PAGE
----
Transactive energy gets dramatic engagement with real world electricity consumers

 
 
 
 

When the CEO of your national transmission system operator admits “we are coming up to crunch time” you know there are some big challenges to solve. Globally decarbonisation, energy poverty and financial pressures are driving the need for cleaner, cheaper power. Networks need to adapt to $billions being invested in clean techs. Retailers need to address wasteful customer churn and price wars. Consumers want a real choice for cleaner, cheaper power.

The transactive energy platform, including peer to peer, shows consumers are a key part of the solution to these challenges. A contribution that will grow exponentially in value in coming years.

Global industry challenges
First, networks need to adapt to integrate billions of dollars of distributed clean tech efficiently. Think solar PV, wind, electric vehicles, energy storage, IOT and connected appliances. For example, an average NZ daily commute means an EV charge will be 40% of the daily home load – a big change depending on when the car is charged and how adoption of V2G
technology is encouraged.

Second, tackling decarbonisation is driving a global take up of large scale intermittent generation. Accenture estimates 6 European countries alone needs 55-90GW of new flexible capacity to support this. In NZ as we tackle the last 20% of our non-renewable electricity generation when power is used becomes more important.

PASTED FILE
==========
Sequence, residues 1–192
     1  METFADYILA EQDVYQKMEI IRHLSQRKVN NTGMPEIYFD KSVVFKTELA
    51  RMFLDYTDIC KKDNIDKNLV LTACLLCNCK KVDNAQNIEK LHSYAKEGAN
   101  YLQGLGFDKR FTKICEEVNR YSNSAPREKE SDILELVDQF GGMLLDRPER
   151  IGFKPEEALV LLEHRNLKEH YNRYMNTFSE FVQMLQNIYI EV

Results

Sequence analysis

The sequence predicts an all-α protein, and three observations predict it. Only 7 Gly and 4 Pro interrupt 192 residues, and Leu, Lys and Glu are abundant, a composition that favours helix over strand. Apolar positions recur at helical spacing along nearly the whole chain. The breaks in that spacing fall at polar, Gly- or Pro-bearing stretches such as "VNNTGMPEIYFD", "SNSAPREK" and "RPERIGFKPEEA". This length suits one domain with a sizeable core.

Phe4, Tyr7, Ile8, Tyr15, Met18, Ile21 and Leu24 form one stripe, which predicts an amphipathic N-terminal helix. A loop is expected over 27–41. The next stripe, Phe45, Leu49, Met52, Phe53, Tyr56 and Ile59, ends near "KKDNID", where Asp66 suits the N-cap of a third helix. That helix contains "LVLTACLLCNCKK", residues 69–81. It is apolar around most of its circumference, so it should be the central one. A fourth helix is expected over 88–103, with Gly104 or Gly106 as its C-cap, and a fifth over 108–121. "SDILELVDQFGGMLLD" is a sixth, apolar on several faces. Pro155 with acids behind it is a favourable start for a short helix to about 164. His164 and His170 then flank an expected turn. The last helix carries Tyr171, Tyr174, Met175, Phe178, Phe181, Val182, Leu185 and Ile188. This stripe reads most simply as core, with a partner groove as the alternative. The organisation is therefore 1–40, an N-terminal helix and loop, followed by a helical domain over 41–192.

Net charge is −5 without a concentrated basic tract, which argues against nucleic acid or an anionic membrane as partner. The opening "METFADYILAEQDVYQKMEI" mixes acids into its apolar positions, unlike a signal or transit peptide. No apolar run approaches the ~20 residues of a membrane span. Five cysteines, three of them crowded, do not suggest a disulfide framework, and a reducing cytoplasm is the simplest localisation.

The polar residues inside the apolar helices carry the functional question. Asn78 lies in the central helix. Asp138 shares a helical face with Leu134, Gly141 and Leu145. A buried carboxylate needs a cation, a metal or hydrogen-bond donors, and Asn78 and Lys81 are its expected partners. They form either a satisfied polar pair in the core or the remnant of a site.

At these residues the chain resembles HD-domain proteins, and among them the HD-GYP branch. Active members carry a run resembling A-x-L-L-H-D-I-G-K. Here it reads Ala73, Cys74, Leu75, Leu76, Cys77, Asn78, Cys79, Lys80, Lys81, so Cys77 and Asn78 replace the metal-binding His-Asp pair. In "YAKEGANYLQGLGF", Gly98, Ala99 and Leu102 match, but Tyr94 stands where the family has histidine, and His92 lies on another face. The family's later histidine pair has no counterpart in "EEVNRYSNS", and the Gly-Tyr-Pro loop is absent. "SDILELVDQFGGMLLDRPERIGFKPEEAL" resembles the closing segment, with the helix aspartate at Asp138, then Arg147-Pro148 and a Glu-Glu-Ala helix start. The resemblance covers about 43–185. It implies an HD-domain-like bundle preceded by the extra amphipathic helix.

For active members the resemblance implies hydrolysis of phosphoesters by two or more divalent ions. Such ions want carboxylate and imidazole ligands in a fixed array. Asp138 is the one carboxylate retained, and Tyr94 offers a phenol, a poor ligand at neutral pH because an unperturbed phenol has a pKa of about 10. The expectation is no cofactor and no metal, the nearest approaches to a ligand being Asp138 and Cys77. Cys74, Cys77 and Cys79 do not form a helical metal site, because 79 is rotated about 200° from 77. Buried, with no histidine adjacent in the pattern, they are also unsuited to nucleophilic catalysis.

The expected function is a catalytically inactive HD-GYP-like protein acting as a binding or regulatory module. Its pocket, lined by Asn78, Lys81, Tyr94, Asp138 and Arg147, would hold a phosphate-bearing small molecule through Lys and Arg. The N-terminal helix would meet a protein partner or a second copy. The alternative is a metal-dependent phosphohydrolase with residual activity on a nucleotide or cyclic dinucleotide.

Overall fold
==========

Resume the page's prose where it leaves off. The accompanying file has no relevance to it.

Third, as consumers spend $bns to reduce traditional power costs and carbon use, the industry needs to stay affordable. Cutting peak driven infrastructure costs is an important driver to long term efficiency and interviews of Electricity Distribution Businesses found 50% EDBs had peak pricing as a strategic issue.

Retailer challenges
Retailers want to engage with consumers in another way and looking for opportunities to do that. They face a broken retail model with a perpetual price and discounting war and high, costly churn rates.

They want a fresh way to engage with people on what they really care about. And that is important as retailers connect consumers and the supply chain.

Connecting the consumer